were isolated and marginalized. This historic achievement by Bolivian working
people stands as a model of how to respond to Fascist-type movements.
Defend the Morales Regime?
Speaking of Bolivia today, Webber
states that “the popular sectors are rightly concerned with defending the
Morales regime against any imperialist meddling and right-wing efforts at
destabilization when they emerge.” This is a welcome statement. Still, if
Morales truly represents “reconstituted neoliberalism,” why should he be
Certainly it is true that the
Bolivian state remains capitalist, and the government functions within the
framework of deeply entrenched capitalist culture and social relations. It
rules through a capitalist state apparatus that is ill-adapted to implement
progressive reforms. It is often at odds with popular struggles – particularly
now that gains against the rightists and Washington have opened more scope for
such movements. Capitalist state bureaucrats have attempted to infiltrate the MAS, and turn it to their own ends.
But it is equally true that, through
the victories of the MAS, popular movements have taken positions of authority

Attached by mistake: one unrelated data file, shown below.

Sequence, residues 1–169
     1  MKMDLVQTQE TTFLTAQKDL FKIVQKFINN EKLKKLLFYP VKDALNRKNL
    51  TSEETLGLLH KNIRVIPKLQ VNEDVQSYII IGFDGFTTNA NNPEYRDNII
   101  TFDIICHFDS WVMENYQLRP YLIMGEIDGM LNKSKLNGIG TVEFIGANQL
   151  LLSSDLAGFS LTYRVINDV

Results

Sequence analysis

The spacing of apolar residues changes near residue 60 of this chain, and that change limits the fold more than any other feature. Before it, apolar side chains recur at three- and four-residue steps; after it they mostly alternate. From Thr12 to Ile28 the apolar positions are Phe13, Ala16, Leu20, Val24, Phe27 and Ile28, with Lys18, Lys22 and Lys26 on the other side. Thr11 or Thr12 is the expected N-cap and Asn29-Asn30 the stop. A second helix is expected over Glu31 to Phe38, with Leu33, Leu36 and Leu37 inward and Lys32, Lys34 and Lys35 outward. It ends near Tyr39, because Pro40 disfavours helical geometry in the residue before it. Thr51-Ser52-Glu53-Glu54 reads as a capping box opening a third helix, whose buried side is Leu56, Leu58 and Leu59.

within the government and successfully used this leverage to drive forward a
popular agenda on many issues that the Bolivian people feel are deeply
In Bolivia today, Webber notes, “a
situation persists in which there is no organized, alternative socio-political
force to the left of the ruling party.” Surely this fact suggests that, despite
all strains, the tie between social movements in Bolivia and the Morales
government has not been broken.
Webber regrets the “failure of the
2003 and 2005 mass mobilizations to translate into an overthrow of the existing
capitalist state and the construction of a popular, sovereign, self-governing
power of the Indigenous proletarian peasant majority from below.” He attributes
this negative outcome to “the impact of the absence of a revolutionary party.”
Certainly, the presence of a broad,
effective revolutionary organization would have strengthened the people's
movement and influenced the outcome. Yet it is striking that not only was a
revolutionary party absent (a not uncommon situation in our world) but that no